MISSION FLATS by William Landay
Kirkus Star


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A crackling debut that answers the question: Who will be the new Grisham?

Young Ben Truman, who’s succeeded his dad as police chief of tiny Versailles, Maine, is reminiscing about his recently deceased mom as he perfunctorily goes about the business of inspecting deserted summer cabins. When he discovers the corpse of Boston public defender Robert Danzinger in one of them, his little backwater is soon overrun by a Massachusetts contingent out to reclaim its own. Determined not to be left out of the loop, Ben, helped by retired Boston cop John Kelly and his lawyer daughter Caroline, sprints to Boston, dogs the Beantown investigators, and acquires a new mentor, crusty bend-the-rules cop Martin Gittens, whose past includes shady interference in a crack-house raid ten years before that just may tie in with Danzinger and focus on a nonexistent snitch, a setup, a couple of dead cops, and a cover-up by the DA’s office. But why was Danzinger in Versailles in the first place? It’s a mystery that will make Ben himself a suspect, drive him to an alliance with drug kingpin Harold Braxton, and end in more death and a double-twist that few readers will see coming, but will leave them gasping—and mourning.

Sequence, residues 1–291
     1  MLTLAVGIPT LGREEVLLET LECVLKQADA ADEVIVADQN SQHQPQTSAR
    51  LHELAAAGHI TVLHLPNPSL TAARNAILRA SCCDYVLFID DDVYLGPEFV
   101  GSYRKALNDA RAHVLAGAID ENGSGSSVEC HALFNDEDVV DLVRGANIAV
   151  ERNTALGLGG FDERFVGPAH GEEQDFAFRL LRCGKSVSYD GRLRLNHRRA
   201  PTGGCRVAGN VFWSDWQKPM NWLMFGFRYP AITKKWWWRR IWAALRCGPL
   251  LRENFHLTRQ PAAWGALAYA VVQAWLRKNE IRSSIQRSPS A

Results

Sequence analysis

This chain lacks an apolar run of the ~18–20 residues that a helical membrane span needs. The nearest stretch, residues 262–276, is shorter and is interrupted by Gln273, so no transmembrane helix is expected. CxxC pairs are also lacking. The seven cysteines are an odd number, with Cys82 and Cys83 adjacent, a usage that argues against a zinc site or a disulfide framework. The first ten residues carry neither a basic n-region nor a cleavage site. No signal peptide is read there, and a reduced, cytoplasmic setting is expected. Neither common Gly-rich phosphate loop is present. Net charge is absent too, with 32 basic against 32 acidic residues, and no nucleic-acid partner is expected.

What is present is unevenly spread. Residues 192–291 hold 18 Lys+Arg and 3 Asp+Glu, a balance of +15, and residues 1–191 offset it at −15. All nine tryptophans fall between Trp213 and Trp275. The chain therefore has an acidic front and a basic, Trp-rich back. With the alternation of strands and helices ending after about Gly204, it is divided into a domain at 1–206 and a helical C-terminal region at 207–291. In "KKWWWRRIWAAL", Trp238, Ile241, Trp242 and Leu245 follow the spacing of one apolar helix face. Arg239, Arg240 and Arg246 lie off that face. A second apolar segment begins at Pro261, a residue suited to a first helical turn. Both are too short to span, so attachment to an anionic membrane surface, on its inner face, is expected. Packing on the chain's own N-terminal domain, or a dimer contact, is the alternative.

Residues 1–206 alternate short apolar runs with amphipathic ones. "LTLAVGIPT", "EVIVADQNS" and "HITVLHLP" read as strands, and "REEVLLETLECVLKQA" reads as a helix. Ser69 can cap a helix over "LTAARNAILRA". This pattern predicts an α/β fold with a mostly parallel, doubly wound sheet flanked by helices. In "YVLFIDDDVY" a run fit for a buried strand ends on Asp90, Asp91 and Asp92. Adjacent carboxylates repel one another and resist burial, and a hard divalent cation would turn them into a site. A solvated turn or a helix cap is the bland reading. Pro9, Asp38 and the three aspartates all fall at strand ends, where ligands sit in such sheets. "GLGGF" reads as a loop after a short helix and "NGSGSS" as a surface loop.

Stylish writing, wickedly convoluted plotting, and an insider’s view of big-city jurisprudence and police accommodation. You’ll barely finish this many-tentacled tale before you start clamoring for former ADA Landay’s next.

Pub Date: Sept. 1st, 2003
ISBN: 0-385-33614-4
Page count: 384pp
Publisher: Delacorte
Review Posted Online:
Kirkus Reviews Issue: July 15th, 2003


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